As long as there was banging and dribbling and arguing and laughing things were okay. But the absence of noise means red flags are flying at the Waterman’s house.
Seth, being the oldest and the wisest of his nine siblings, headed to the last place he had seen the boys then followed their clues around which led him to the back-screened-in-second-floor-balcony porch.
He pursed his lips in disapproval as he viewed his two younger brothers unscrewing the screens from the windows and heard Josiah explaining how they could jump from the porch onto the cement drive below. The younger more foolish brothers had rationed that it was only a 15-foot drop, and there was a good chance that grieving people inside would not notice.
“You are not jumping out my window.”
“Seth we can do this. It’s not that hard. We will jump out and go around the back, through the hedges, into the neighbors lawn and backtrack to our car.
No harm, no foul. The end. Over and out.”
“You are not jumping out my window.”
Seth then grabbed the screens out of his brother’s hands and led them to his door. “Go down. Walk through. Get out.”
Closing the door behind his younger siblings, Seth returned to his interrupted work, in his quiet funeral home, with his good internet. Which wouldn’t be so bad but then you have to add family to that funeral living equation.
A half hour later Seth steps outside his second-story apartment door for a moment only to find his two visiting brothers perched at the top of the dark winding stairway.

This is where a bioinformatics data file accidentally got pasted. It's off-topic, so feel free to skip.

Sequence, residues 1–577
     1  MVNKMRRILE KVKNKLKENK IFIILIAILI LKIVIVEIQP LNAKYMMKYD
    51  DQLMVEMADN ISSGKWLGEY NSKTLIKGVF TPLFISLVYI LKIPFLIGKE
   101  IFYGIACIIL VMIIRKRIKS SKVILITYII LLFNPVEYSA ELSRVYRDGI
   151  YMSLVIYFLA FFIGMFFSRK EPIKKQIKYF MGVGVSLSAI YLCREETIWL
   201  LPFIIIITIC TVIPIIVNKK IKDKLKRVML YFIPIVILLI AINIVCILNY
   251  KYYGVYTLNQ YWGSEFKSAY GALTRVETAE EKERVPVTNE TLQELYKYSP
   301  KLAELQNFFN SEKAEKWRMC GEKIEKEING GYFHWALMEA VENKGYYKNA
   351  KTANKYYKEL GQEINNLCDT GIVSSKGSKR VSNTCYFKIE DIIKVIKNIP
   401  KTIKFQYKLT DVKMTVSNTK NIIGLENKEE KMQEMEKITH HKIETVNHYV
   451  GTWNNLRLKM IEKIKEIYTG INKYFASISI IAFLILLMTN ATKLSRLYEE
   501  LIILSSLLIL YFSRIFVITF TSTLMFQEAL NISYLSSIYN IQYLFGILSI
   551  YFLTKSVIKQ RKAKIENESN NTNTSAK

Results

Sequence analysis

“What are you two still doing here!?”
“Ahhhh, were kinda not wanting to walk through… let’s say… a FUNERAL again!”
This dramatic climax is interrupted by the ringing of Seth’s phone.
Seth’s last words to his brothers as he reaches to answer his cell were as follows…
“Well figure it out and get out of here…just walk through and don’t make eye contact with anyone…and if anyone asks you what you were doing up here…tell them you were visiting the guy across the hall.”
“Hi, Seth it’s mama! Guess what Bekah and I just found at the Salvo? A curtain perfect for your bathroom and a living room lamp!! We are coming through now, can we stop and drop them off?”
Now my son Seth is a gentle giant. I can’t recall the last time I heard him raise his voice.
He is calm.
He is cool.
He is collected.
Even under stress.
So I was quite surprised at the edgy sound of his voice after I ceased my cheery greeting in which I had eagerly disclosed my new found discoveries for his apartment.
And I quote…..
“FOR THE LOVE OF GOD…. DO NOT…. AND I REPEAT DO NOT….. STOP AT MY APARTMENT RIGHT NOW!”
I turned to Bekah and said, “Eh, I’m pretty sure this isn’t a good time.”
Then out came the story, the whole torrid story about brothers and dead people and screens and stairways. I listened and sympathized with my biggest kid.
When we hung up the phone, I turned to his sister who was my designated chauffeur for the day and said, “Seth forgot to add family to that funeral living equation.”
Well…. we had to go through Clyde anyways.
It wouldn’t be out of the way.
His funeral home apartment was right around the corner.
I cracked a smile and glanced at Bekah.
“Drive by his house real slow,” I chuckled.
Then I sent a short little text to my son which read….
“Seth, we could see the funeral is still going on.
We will visit another time.
We dropped the lamp, curtain and toilet brush on the front porch.
It’s to the side so it shouldn’t bother anyone. Grab it when you get a chance.